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Napoleon's Theorem
Posted:
Nov 2, 1994 4:43 PM


>Date: Wed, 2 Nov 1994 19:35:16 0500 >To: annie@forum.swarthmore.edu >From: jon@forum.swarthmore.edu (Jon Bassett) >Subject: Napoleon's Theorem >Cc: keith@forum.swarthmore.edu > >Annie: > >Keith Grove and I are putting together an interdisciplinary lesson on >Napoleon's theorem (I am a History teacher). Here is just a firt draft of >an idea for your perusal and feedback. > >I'll be teaching about the French Revolution and Napoleon, and will do a >lesson or two addressing the issue(s) of Napoleon's military prowess. I >want to get as questions such as: how did he achieve such great conquests, >was he as great as he thought he was, what kind of sources should we >consult to analyze him as a historical figure, etc. At some point in this, >I will teach a close history of a specific battle, and I'd like to set it >up as a puzzle or project for the kids. Put them in groups of 3 or pairs, >and give them the parameters of the situation, and then say "you are >Napoleon. Devise a strategy for this battle. Where will you place your >troops, who will do what when, and justify your decisions." I would then >expect the kids who also have Keith's geometry class to use Napoleon's >theorem in devising their plan, and also to explain the theorem and its >applicability to the rest of the class. > >Of course, Keith will have to be a bit ahead of me here, since he'll have >to have taught (or at least be teaching) the theorem before we get there. >(This poses no problem for either of us.) He will then require those kids >of mine who he has in geometry to explain the historical/practical >applications of the theorem to his class. > >What we'd/I'd like from you is... > >a good explanation of Napoleon's theorem (for nongeometrers if possible) >information about how/why Napoleon first thought it up, and especially >information about any particular battle(s) where he applied it. Was it a >general principle of troop placement? How did it work in the real world? >any suggestions, feedback, etc. > >Thanks! > >P.S. While writing this I had another idea. I went to an exhibit on maps >at the CooperHewitt museum of design in NYC two years ago, and saw there >an interesting and apparently famous map of Napoleon's invasion of Russia. >The map showed the French Army as a line along the route of march, and the >thickness of the line represented the number of men in the army. It was an >extremely powerful and effective illustration of the cost of the invasion: >the line was really thin at the end of the campaign, and you could see by >the sudden diminutions in thickness the effect of major battles, disastrous >river crossings, etc. Do you or anyone else at the forum know where I >could get a copy of this map? This would also seem to have obvious >applicablility to History/Math linkages... > >Thank you? > >Jon > > >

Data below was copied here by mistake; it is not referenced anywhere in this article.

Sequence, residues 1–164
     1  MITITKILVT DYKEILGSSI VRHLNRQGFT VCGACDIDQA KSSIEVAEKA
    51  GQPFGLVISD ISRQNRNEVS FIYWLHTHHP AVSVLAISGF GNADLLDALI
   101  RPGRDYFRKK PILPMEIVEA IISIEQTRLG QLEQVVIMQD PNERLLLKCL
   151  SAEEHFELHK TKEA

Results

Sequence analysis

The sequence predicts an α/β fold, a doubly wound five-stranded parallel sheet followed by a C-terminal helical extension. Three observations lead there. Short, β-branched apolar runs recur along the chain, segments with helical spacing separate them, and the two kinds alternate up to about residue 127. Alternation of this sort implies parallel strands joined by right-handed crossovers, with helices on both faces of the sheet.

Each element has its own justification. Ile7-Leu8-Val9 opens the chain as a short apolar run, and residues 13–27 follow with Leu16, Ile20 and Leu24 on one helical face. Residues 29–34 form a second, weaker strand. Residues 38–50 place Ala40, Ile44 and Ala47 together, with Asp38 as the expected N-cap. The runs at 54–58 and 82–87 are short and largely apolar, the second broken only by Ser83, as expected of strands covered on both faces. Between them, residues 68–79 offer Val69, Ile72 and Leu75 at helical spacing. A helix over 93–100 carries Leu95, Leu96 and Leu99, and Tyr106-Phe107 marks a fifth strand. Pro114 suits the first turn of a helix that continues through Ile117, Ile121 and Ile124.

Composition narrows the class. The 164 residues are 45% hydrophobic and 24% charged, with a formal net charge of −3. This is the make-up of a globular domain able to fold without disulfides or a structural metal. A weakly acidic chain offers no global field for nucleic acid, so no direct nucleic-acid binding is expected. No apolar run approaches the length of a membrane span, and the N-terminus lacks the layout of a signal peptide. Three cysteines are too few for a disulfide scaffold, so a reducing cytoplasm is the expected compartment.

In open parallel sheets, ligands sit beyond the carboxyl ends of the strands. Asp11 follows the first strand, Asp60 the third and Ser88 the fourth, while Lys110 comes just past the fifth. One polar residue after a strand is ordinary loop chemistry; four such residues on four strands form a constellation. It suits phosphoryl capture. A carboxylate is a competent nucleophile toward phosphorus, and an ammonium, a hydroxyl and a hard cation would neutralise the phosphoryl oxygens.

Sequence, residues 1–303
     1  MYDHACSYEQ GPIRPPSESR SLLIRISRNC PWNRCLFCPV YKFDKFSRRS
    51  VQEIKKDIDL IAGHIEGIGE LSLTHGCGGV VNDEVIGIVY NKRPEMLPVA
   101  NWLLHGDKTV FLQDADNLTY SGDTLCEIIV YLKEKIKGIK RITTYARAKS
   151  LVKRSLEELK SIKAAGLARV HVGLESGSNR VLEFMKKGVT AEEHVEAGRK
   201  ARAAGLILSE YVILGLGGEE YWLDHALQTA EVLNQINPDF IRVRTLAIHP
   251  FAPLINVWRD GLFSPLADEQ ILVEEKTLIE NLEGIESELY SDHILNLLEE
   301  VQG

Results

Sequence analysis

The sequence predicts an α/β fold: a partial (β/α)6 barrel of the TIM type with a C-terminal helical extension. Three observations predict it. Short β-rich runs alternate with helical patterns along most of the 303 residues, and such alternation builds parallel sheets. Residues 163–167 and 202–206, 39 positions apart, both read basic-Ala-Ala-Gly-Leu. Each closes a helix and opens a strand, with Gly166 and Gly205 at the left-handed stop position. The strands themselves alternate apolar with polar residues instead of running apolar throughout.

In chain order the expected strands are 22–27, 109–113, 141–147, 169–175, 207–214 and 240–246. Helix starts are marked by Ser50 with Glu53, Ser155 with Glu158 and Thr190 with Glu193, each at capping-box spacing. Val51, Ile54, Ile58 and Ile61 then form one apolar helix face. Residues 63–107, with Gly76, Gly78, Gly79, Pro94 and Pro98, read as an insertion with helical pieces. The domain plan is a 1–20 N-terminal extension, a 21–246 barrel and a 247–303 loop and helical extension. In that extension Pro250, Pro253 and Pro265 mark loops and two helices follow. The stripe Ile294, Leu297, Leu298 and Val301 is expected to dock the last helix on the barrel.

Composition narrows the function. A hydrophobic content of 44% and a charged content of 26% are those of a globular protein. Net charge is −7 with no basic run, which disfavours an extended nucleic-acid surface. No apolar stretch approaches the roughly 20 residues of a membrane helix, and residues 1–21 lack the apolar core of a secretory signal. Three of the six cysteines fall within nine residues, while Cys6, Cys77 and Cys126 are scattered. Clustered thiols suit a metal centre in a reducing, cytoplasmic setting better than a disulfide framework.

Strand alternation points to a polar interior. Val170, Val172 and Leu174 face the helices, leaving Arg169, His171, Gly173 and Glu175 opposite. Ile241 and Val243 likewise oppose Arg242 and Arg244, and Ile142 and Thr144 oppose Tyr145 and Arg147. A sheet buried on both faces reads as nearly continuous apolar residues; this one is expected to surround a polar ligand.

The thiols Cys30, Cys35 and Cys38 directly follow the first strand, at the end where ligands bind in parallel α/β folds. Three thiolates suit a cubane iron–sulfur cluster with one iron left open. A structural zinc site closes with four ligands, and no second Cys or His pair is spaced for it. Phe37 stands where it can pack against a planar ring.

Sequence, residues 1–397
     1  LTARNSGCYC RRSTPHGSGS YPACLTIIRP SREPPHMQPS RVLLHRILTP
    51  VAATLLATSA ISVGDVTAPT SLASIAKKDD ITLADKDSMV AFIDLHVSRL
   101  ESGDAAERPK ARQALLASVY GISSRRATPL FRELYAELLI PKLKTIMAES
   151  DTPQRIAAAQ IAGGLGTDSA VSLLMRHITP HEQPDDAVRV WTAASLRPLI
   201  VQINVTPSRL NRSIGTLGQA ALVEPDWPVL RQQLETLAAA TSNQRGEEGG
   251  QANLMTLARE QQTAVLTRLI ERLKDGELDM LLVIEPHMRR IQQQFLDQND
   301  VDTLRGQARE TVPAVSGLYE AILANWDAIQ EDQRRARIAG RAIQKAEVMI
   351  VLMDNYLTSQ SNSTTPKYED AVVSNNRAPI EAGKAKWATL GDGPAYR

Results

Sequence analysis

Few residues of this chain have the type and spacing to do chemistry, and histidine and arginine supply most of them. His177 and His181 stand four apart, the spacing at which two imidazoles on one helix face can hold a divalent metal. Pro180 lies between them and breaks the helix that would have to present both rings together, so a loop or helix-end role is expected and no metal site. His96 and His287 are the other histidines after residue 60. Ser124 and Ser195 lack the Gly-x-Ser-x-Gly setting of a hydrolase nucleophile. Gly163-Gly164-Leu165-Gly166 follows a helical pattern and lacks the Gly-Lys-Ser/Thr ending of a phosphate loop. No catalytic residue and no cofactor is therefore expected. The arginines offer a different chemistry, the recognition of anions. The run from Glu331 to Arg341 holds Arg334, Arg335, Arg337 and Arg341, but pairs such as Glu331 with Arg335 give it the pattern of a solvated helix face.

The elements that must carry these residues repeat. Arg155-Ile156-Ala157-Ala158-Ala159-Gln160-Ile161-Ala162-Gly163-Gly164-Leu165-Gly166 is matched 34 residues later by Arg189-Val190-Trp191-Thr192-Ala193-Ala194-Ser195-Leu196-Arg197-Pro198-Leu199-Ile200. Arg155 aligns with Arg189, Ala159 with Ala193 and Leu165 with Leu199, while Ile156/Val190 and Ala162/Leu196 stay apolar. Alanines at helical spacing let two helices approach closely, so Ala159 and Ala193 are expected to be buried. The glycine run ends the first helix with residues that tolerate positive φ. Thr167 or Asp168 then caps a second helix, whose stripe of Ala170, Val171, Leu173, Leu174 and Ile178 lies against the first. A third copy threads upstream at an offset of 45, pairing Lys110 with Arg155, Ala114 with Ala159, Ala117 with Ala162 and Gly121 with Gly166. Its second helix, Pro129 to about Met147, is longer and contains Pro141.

Keith